And finally, game play considerations. Would it really be a good idea to change a faction rooster this much? Celtic factions fight one way, Helens other. The restrictions each have in their rooster shapes strategic considerations and is part of the experience. As strategic restrictions as well are a point of balance. "Simple" squat development factions tend to have interesting trait lines that makes their generals and governors much more useful. If every faction ends as an amalgam of every culture in the map they will be dull.

    Anyway I trust the team to do what is wise and sorry for this aside.

  12. #12
    QuintusSertorius's Avatar EBII Hod Carrier
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    Default Re: Celtic Linothorax

    Quote Originally Posted by Hirtius View Post
    One thing to consider is that the prince of Glauberg and other artifacts mentioned are from the 5th century. I'm no historian, but for linothorax to make its way to Glauberg from the Mediterranean that early seems odd. Armor like the southern france example that the Epades Pennoberton wear seem to be pretty unique.
    No one knows exactly how old tube and yoke armours are, they could have made their way there as early as that. The earliest suggestions are that the Myceneans, back in the late Bronze age came up with it, or perhaps the Assyrians. So it's hardly "new tech" in 5th century BC.

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    Jurand of Cracow's Avatar History and gameplay!
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    Default Re: Celtic Linothorax

    Quote Originally Posted by RodriguesSting View Post
    The other issue is if it would be plausible for a culture to be affected noticeably in game play by such events. Assuming that a Celtic empire is formed all the way to old Hellas, would be plausible for them as conquerors to adopt the fighting ways of the vanquished? Or Helens in the Celtic heartland to influence their new subjects into adopting a phalanx?

    And finally, game play considerations. Would it really be a good idea to change a faction rooster this much? Celtic factions fight one way, Helens other. The restrictions each have in their rooster shapes strategic considerations and is part of the experience. As strategic restrictions as well are a point of balance. "Simple" squat development factions tend to have interesting trait lines that makes their generals and governors much more useful. If every faction ends as an amalgam of every culture in the map they will be dull.
    This touches upon the IMHO most problematic - from the point of view of "learning history" - issue in the game: how realistic are big empires in the game? For Rome, Carthage, Iranians, Hellenistic - pretty big, but for the Celtic, Germanic, Iberian? I think one to be very innovative and create some vision of reality that didn't exist. I don't have an opinion on the EBII yet (actually, it probably has the best solutions for all TW games), but in the SSHIP very strange outcomes are possible and for the Thrones as well.

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    Genava's Avatar Decanus
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    Default Re: Celtic Linothorax

    One thing to consider is that the prince of Glauberg and other artifacts mentioned are from the 5th century. I'm no historian, but for linothorax to make its way to Glauberg from the Mediterranean that early seems odd.
    Contacts between the Mediterranean world and the North started earlier than 5th century BC. And linothorax is not necessarily imported.

    https://en.wikipedia.org/wiki/Hallstatt_culture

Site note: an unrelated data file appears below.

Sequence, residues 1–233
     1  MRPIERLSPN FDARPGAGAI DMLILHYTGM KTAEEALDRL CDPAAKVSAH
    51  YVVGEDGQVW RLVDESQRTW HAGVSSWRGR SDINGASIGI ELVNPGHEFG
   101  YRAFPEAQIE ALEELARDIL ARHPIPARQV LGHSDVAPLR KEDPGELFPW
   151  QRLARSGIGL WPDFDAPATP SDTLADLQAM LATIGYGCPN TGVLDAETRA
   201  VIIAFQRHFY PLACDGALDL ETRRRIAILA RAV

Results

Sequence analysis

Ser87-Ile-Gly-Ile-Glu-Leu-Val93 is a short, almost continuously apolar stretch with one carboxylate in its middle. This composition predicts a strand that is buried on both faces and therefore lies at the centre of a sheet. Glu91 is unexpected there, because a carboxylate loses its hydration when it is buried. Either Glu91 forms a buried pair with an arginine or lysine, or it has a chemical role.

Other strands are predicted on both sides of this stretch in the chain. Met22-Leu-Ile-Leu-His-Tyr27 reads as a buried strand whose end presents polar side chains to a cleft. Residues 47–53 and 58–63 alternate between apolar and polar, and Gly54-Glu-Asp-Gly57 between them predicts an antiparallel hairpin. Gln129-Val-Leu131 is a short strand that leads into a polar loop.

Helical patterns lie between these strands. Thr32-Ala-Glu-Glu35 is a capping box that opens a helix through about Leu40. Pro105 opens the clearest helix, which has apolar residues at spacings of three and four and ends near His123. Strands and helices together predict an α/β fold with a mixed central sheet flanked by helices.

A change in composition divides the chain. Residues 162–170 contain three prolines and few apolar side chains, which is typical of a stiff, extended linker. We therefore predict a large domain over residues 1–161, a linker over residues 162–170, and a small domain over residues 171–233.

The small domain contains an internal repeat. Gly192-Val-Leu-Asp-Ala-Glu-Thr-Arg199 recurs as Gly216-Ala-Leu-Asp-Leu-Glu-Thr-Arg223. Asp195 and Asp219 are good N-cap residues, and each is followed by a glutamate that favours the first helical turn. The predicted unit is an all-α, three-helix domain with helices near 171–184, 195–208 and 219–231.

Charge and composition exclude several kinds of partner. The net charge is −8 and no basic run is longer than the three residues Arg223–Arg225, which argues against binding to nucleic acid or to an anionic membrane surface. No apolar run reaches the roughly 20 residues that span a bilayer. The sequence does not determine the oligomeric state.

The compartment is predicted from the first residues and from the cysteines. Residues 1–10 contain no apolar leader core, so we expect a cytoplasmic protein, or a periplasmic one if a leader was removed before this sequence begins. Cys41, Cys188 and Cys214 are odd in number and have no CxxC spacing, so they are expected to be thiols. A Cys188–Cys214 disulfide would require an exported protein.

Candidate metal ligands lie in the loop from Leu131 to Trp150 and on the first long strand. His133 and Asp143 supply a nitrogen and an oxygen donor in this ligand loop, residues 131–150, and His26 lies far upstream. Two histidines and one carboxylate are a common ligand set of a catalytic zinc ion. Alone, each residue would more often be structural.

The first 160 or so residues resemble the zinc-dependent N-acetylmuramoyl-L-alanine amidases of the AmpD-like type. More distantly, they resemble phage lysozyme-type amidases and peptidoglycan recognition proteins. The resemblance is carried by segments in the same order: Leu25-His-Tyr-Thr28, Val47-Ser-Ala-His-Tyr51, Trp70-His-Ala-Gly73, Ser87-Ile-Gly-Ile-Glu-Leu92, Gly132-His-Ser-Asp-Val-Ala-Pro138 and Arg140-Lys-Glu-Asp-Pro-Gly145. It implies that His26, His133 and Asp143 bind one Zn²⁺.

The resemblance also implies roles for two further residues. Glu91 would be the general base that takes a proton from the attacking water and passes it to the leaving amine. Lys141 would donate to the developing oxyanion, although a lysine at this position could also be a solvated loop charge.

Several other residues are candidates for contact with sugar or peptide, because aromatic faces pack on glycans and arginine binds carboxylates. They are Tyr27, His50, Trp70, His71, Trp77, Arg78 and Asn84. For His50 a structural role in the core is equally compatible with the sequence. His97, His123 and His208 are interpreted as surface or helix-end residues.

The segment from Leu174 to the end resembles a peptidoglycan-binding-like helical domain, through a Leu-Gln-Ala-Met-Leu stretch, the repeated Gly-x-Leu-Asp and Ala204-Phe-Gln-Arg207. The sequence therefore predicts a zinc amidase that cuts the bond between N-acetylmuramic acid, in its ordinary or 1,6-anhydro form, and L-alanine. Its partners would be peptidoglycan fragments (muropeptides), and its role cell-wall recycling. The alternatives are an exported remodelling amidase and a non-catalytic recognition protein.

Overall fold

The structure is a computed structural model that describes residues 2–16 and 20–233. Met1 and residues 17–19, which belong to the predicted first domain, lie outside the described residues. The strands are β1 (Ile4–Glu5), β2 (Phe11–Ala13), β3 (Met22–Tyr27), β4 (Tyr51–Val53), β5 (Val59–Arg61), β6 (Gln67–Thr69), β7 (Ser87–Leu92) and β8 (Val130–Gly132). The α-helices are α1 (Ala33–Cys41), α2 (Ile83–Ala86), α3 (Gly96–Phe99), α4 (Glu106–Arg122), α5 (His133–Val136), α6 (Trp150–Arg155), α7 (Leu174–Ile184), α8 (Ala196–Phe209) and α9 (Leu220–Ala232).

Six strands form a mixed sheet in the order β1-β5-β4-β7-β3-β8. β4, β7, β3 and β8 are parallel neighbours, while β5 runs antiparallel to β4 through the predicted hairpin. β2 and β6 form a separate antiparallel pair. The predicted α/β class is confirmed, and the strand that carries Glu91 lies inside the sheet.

https://books.google.ch/books?id=KWV...page&q&f=false
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  15. #15

    Default Re: Celtic Linothorax

    Quote Originally Posted by Genava View Post
    Contacts between the Mediterranean world and the North started earlier than 5th century BC. And linothorax is not necessarily imported.
    Glauberg is a few connections removed from the Mediterranean. I wasn't talking about importation, I was kind of getting at that it might be a different invention. None of the examples given really look like linothorax to me.

  16. #16
    Genava's Avatar Decanus
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    Default Re: Celtic Linothorax

    None of the examples given really look like linothorax to me.
    It is a matter of interpretation. Most of the historians interpret it as a linothorax or a leather cuirass. Linothorax is often thought to be something Greekish but in fact the Greeks themselves viewed this as a barbarian thing, used by cultures like the Scythians or the Lusitanians (yes there is an account of linen protection for them).
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    Default Re: Celtic Linothorax

    Quote Originally Posted by QuintusSertorius View Post
    So why shouldn't they have adopted things they saw abroad by way of exchange, since they were all over the Mediterranean as mercenaries?
    You did mention EB1 making things up..

  18. #18

    Default Re: Celtic Linothorax

    Clermont-Ferrand (Augustonemetum), thus Post-Gallic-Wars era? Or do you mean Gondole or Corent?
    Not sure, but the fragment I was referring to is from Périchon, 1987(add an accent agu to the "e" in pechiron) and simply mentions it's from Clermont-Ferrand. The pattern on the warrior's torso in those pottery fragments looks a lot like the pictures of the leather curiasses on those cross-legged statues shown above.
    Last edited by Genghis Skahn; March 05, 2019 at 01:13 PM. Reason: spelling, whoops

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    QuintusSertorius's Avatar EBII Hod Carrier
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    Default Re: Celtic Linothorax

    Quote Originally Posted by Dooz View Post
    You did mention EB1 making things up..
    Not really equivalent when we have statuary evidence, amongst other things.

    Whereas the mails and zweihanders are a pure fiction.

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    Genava's Avatar Decanus
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    Default Re: Celtic Linothorax

    Quote Originally Posted by Genghis Skahn View Post
    Not sure, but the fragment I was referring to is from Pechiron, 1987(add an accent agu to the "e" in pechiron) and simply mentions it's from Clermont-Ferrand. The pattern on the warrior's torso in those pottery fragments looks a lot like the pictures of the leather curiasses on those cross-legged statues shown above.
    You mean Robert Périchon? Is it really 1987 or 1967?
    The true heroes of science are the defenders of open-access like